The purpose of this study is to evaluate the effect of a 7-month social marketing program -
Healthy Me, Healthy We (previously called Our Year of Healthy Living) - in improving
preschool children's (3-4 years) diet and physical activity behavior. Healthy Me, Healthy We
will use social marketing approaches in the child care center to promote the use of healthy
diet and physical activity behaviors by children, as well as their teachers and parents. The
program will use visual cues, educational materials, activities, and a song to deliver
targeted healthy behavior messages that connect the teacher, child, and parents. Centers will
implement the Our Year of Healthy Living program in their classrooms over the course of a
school year (October-April). Prior to initiation and after completion of the program,
researchers will collect information about diet, physical activity, child body mass index
(BMI), and center and home environment information from participants. From the beginning of
the program to the end, children enrolled in the program will have 1) a greater increase in
physical activity and decrease in sedentary time, 2) improved diet, and 3) smaller increase
in body mass index compared to children in centers that do not complete the program.
Additionally, from the beginning of the program to the end, homes and centers that
participate in the program will have greater improvements in scores on the home and center
environment assessments compared to centers and homes that do not participate.
The purpose of this study is to evaluate the effect of the 7-month social marketing
intervention - Healthy Me, Healthy We (previously called Our Year of Healthy Living) - in
improving preschool children's (3-4 years) diet and physical activity behaviors. The study
will use a two-arm, cluster randomized controlled design and a sample of 90 child care
centers and 810 children (9 parent-child dyads/center).
For this study, the investigators will recruit 90 child care centers from a mix of
urban/suburban and rural areas. Potential child care centers in these counties will be
identified using an online database of licensed child care facilities maintained by the North
Carolina (NC) Division of Child Development and Early Education. State and local community
partners will be engaged to help inform centers in targeted counties about the study. Direct
recruitment of centers will employ a variety of strategies (e.g., mail, email, telephone,
in-person contacts). Once a center expresses interest, the investigators will work with the
center director to recruit nine parent-child dyads and five teachers from the 3- and 4-year
A series of measurements will be collected on participating children, parents, and child care
providers at two time points - baseline and follow-up. Primary outcomes measures will assess
child physical activity and diet quality. Secondary outcomes measures will assess child
weight, center and home environment. These measures will be collected in large part during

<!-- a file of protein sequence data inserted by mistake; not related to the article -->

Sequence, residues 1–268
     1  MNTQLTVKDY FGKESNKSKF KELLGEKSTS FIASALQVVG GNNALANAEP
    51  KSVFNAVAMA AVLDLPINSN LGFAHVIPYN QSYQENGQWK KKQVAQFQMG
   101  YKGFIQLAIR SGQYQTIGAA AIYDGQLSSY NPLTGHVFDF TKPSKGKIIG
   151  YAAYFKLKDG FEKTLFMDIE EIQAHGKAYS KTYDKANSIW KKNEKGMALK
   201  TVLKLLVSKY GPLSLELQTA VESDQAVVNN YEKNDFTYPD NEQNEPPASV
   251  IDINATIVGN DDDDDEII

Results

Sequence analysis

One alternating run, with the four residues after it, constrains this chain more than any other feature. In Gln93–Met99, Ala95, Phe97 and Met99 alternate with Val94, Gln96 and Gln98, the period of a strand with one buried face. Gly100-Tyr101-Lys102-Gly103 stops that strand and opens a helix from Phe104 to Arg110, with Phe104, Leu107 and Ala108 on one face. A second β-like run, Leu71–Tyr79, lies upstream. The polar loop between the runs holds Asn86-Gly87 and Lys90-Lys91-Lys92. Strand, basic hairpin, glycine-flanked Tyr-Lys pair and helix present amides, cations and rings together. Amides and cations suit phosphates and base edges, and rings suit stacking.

two-day on-site visits to the child care center, and supplemented with self-administered
surveys. Center visits will be conducted by data collectors who have undergone extensive
training and certification on all measurement procedures and are blinded to study-arm
assignment. Identical data collection protocols will be used at baseline and follow-up.
Children's physical activity will be measured using accelerometers. A data collector will fit
each participating child with an accelerometer on a belt during the morning of the first day
of the center visit. The child will wear the accelerometer for seven full days - both at
child care and at home. Once data are downloaded, age-appropriate cut-points will be applied
in order to calculate daily minutes of non-sedentary physical activity.
Children's dietary intakes will be measured using a combination of direct observation and
food diaries. The Dietary Observation for Child Care (DOCC), (Ward et al. 2008) will be used
to assess foods consumed by children while at child care. Each data collector can assess up
to three children at a time; therefore, a team of three data collectors will be assigned to
each center to allow observation of the nine participating children. They will observe
intakes on two consecutive weekdays, recording all foods and beverages consumed by the
children during breakfast/morning snack, lunch, and afternoon snack. Food diaries completed
by parents will be used to assess children's dietary intake outside of child care. Parents
will complete diary records on two weekdays (coinciding with the center visit) and one
weekend day. The diary will prompt parents to record foods consumed, portion size, location,
and time for each meal or snack. Follow-up phone calls will be conducted as needed to fill in
any missing details. The combined DOCC and diary data will be analyzed with the Nutrition
Data System for Research (NDSR) software in order to calculate children's daily intake of
food groups, calories, and nutrients. Healthy Eating Index-2005 (HEI-2010) scores will be
calculated for each child from these data.
Children's height and weight measurements will be collected by trained data collectors during
the center site visit. This data (along with parent-reported child age and sex) will be used
to calculate children's BMI, BMI percentile, and BMI z-score using standards and reference
data provided by the Centers for Disease Control and Prevention (CDC 2010).
The food and physical activity environments of homes and child care centers will be assessed
using the Home Self-administered Tool for Environmental assessment of Activity and Diet
(HomeSTEAD) (Hales 2014) and the Environment and Policy Assessment and Observation (EPAO)
(Ward 2008). HomeSTEAD is a self-administered survey that assesses characteristics of the
home environment that influence children's diet and physical activity behaviors. The EPAO is
an observation protocol that will provide similar data about the food and physical activity
environments at child care centers. EPAO observations will be completed during the center
visit by trained and certified data collectors. Data from HomeSTEAD and EPAO will be used to
calculate scores for home and center nutrition and physical activity environments.
Parents and child care providers will also be asked to complete brief demographic surveys and
health behavior screeners. Demographic surveys will assess standard characteristics like
gender, age, race/ethnicity, marital status, household income, and employment. Center
directors will also complete a demographic survey about the centers' current star rating,
acceptance of child care subsidies, participation in the federally-funded Child and Adult
Care Food Program (CACFP), and numbers, ages, and race/ethnicity of children enrolled. Given
that the intervention targets parents' and child care providers' own health behaviors, the
investigators will also collect self-reported data about provider and parent diet (fruit,